Right to Carry Revoked by a Typo?!

The following is a video transcript.

Purchasing a gun for the first time can be intimidating. Let’s discuss the process of purchasing a firearm and the three most common mistakes that are made when purchasing a gun for the first time.

So, you’ve decided which gun you want to buy and are heading to the gun store. What can you expect once you get there? When you get to the store you’ll be asked to fill out a Form 4473. This form is a transaction record for the Bureau of Alcohol, Tobacco and Firearms or “ATF,” and is required in order to purchase a firearm from a Federal Firearms Licensed dealer or “FFL.”

The form will ask questions such as: have you ever been convicted of a crime; are you a fugitive from justice; and are you purchasing the firearm for another person (that is, making a strawman purchase). The form also requires you to provide information about yourself such as: your date of birth, address, height, and weight. To purchase a handgun from an FFL, you must be at least 21 years of age.

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Once you’ve correctly filled out the form, the sales clerk will ask you for your ID. This is generally a valid government-issued photo identification card or state-issued license or permit to carry a handgun.

Mistake One: Forgetting Proper Identification

The first mistake we see when someone is trying to purchase a firearm is forgetting to bring their Driver’s License, applicable state firearms permit or license with them. If you do not have a valid government-issued ID card, the FFL will not be able to sell the gun to you. You’ll have to leave and come back with your ID, so make sure to bring your ID with you when you head to the gun store.

If that’s not an issue, once you’ve filled out the form and handed over your ID card, the FFL will run a NICS background check on you. NICS stands for the National Instant Criminal Background Check System. There are three responses that NICS will provide to the FFL: either proceed with the transaction, delay, or deny.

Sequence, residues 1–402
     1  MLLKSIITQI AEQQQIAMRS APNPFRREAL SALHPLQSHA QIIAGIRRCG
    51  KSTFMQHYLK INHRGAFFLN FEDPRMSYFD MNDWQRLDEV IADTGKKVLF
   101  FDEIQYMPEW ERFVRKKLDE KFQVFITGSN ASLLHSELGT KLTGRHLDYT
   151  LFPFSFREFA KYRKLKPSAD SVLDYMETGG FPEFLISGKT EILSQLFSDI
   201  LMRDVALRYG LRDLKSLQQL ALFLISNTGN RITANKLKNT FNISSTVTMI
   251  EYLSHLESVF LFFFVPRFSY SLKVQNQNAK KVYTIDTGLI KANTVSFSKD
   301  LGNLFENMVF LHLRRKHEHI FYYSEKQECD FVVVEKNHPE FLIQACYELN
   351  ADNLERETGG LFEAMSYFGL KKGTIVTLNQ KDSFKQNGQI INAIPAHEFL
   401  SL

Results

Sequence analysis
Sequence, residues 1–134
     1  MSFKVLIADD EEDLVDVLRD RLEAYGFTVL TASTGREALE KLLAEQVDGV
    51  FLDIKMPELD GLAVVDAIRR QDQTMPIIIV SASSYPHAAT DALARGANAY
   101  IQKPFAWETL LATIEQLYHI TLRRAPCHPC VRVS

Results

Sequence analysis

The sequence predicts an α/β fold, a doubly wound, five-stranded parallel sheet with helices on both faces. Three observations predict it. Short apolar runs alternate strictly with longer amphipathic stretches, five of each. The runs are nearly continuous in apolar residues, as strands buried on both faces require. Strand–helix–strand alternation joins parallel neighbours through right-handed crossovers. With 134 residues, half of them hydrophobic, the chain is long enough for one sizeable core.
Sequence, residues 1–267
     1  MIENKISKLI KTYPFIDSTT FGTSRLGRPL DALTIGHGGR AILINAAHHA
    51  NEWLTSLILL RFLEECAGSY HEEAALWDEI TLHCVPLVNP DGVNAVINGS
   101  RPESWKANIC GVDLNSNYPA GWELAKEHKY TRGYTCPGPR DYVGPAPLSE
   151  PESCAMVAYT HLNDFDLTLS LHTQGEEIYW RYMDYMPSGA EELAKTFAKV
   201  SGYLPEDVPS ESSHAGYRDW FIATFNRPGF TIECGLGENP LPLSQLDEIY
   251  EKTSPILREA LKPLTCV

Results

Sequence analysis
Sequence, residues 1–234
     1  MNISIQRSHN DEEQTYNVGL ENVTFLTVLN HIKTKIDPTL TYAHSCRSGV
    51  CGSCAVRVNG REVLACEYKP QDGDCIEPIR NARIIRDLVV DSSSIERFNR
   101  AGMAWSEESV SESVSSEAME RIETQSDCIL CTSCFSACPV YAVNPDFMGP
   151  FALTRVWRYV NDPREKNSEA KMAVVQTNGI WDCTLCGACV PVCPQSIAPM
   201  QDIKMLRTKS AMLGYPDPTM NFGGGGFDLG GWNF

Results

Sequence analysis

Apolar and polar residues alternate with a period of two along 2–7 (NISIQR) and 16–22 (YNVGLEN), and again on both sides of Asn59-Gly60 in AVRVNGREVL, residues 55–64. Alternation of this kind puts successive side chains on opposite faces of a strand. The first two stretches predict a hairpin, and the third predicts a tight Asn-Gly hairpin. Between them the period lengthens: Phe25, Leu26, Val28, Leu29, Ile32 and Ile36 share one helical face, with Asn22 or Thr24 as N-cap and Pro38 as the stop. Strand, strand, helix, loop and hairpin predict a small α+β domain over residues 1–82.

If the response is “proceed,” the FFL will complete the gun purchase and you’ll be on your way. If the response is “delay,” the FFL will have to wait to finish the sale, and the ATF has three days to research the applicant further and notify the FFL to proceed or deny. If the FFL has not heard back from the ATF within three days, then you can proceed with your gun purchase. If the response is “deny,” then you’re denied from purchasing the firearm and the FFL will not be able to complete the sale.

Mistake Two: Ignoring a Wrongful Denial

The second mistake we see people making when purchasing a gun for the first time is not appealing a wrongful denial. If you believe you’ve been wrongfully denied the right to buy a firearm, then you can request an appeal by submitting a request to the FBI.

You should always appeal a wrongful denial. We’ve seen an increase in wrongful denials as the federal government and states have taken measures to “clean up” their criminal history records. As a result, records are being wrongfully associated with one another, names are getting mixed up, and responsible gun owners are paying the price. You shouldn’t lose your gun rights because a bureaucrat made a typo. Appeal your denial.

Mistake Three: Not Documenting Transfers

The last mistake we see made is people not keeping their sales receipts or bills of sale. Whether it’s from an FFL or a private individual (if your state allows for private sales), it’s important to have and keep a record of your firearm’s particulars, and where and from whom you obtained the gun. This serves two important purposes:

  1. First, if your firearm is ever stolen or lost, your chances of getting it back are nearly zero without a record of the make, model, and serial number of the gun to provide to police.